Michael Sandoval took his first cooking class in high school because he thought it would be an easy “A.”
Today the 27-year-old chef de cuisine at the Thomas Keller Restaurant Group’s Bouchon in Napa Valley is one of the top achievers in his field.
“CSN culinary professors John Metcalf, Levy Acosta and Jill Mora were three key players in my growth, not only in food, but in support of anything I wanted to achieve,” said Sandoval, who has worked his way up through the company since he started his studies at the College of Southern Nevada in 2004.
He’s come a long way since his days on the CSN Culinary Team, which went to nationals and allowed Sandoval an opportunity to go to Germany in 2006 for the Culinary Olympics. He has worked hard to gain his current status, where he enjoys being able to impact the experience of guests and colleagues.
Sandoval is a model for many CSN students who aspire to achieve success. While the definition of success varies for each student, the College of Southern Nevada is working on a number of initiatives to help them reach their goals.
Nevada ranks 43rd in the nation in terms of educational attainment. As the state’s largest college, CSN is attacking this problem on multiple fronts.
“Our plan for the future is to enrich the substance of what we are,” said CSN President Dr. Michael Richards. “This is a time for us to focus on student success and support. We’re not just going to transmit knowledge; we’re going to transmit knowledge that leads to a degree or certificate.”
CSN is taking part in Complete College America, an initiative which aims to increase the number of college graduates across the nation. As part of this effort, CSN has a goal to bolster the college’s number of graduates by 85 percent over a decade.
In the last year, CSN has doubled the graduation rate used by the U.S. Department of Education and exceeded its goals under Complete College America.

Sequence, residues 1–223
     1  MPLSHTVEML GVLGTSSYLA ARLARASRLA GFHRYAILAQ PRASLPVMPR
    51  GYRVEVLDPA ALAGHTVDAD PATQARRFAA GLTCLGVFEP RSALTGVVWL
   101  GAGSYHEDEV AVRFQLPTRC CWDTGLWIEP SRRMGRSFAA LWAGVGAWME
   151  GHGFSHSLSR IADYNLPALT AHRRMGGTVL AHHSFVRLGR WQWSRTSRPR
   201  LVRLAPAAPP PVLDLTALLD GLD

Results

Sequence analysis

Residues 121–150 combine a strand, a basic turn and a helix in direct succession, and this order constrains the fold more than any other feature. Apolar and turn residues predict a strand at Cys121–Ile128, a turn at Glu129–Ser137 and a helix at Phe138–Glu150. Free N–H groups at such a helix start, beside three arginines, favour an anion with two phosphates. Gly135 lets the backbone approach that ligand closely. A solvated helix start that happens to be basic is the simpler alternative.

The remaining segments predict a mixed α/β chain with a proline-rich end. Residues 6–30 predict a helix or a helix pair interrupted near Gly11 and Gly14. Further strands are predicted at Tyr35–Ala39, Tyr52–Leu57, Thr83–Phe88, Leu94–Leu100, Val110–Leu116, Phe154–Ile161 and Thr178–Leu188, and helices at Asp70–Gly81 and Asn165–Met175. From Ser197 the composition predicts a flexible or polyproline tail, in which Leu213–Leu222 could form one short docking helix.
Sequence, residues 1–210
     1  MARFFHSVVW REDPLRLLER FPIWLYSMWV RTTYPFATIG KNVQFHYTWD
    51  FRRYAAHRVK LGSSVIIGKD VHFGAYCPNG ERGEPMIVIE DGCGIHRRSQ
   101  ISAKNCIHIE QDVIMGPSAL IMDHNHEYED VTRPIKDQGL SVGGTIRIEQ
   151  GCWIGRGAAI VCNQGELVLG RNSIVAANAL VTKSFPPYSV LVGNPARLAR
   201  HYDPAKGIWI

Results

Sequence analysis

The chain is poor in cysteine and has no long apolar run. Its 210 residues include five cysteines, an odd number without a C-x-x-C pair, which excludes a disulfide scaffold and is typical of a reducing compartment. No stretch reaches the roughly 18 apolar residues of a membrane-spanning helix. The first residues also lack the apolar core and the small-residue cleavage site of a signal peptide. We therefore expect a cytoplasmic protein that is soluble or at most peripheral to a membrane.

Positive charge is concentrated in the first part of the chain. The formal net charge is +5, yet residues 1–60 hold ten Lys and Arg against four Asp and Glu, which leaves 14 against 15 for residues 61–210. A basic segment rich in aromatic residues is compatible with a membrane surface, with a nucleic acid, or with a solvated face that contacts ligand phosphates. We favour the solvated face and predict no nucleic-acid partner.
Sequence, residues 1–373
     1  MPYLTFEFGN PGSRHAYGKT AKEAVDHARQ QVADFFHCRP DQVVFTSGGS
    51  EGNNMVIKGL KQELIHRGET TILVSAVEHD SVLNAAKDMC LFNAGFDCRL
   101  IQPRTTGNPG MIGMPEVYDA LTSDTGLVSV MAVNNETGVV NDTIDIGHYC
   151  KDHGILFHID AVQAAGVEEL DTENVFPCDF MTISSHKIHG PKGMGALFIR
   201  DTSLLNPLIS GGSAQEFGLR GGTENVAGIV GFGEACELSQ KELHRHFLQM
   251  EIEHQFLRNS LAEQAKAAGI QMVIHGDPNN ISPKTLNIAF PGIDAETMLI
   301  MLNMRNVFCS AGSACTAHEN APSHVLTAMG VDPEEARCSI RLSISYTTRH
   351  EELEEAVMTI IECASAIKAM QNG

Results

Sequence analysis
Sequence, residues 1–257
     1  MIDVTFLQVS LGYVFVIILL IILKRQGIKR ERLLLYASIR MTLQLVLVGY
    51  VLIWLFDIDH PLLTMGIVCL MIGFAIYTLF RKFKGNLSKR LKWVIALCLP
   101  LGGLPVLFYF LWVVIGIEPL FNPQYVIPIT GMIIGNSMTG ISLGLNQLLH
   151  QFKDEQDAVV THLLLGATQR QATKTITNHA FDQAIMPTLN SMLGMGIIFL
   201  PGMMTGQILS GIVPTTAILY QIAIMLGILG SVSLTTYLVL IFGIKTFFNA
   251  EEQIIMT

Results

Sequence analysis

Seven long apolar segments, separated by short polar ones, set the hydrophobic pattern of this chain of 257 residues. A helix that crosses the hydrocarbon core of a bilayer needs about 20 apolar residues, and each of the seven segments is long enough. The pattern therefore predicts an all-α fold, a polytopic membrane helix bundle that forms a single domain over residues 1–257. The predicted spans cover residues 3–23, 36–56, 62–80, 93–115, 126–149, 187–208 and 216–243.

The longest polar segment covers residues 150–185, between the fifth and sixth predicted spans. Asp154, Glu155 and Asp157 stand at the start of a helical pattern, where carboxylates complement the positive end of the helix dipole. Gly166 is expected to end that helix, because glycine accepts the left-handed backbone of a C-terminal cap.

As part of this initiative, the college launched Project Graduate last year. CSN officials identified 4,269 students with at least 45 transferable credits and a 2.5 GPA. They were invited to meet with advisers and counselors to develop academic plans to help them finish their degrees.
The effort helped increase the number of students graduating in May by 20 percent over the previous year.
Students often rely on degree sheets that tell them what classes they need to pass to obtain their degree. As a result, they may get off course, get frustrated and drop out. But connecting students with counselors helps students realize how close a degree is within their reach and how to get there.
“We need to find ways to help these students see the light at the end of the tunnel,” interim Vice President of Student Affairs Dr. Chemene Crawford said.
Orientation and increased emphasis on counseling will also help students navigate the college better, she said.
To reduce the number of incoming students who need developmental education, which extends the amount of time it takes for a student to obtain a degree, CSN is now promoting preparation tools for math and English assessment tests. This will help students do better on the mandatory exams that determine if they are ready to take college-level math and English courses.
CSN will also work with the Clark County School District to create summer bridge programs to help high school students prepare for college-level courses.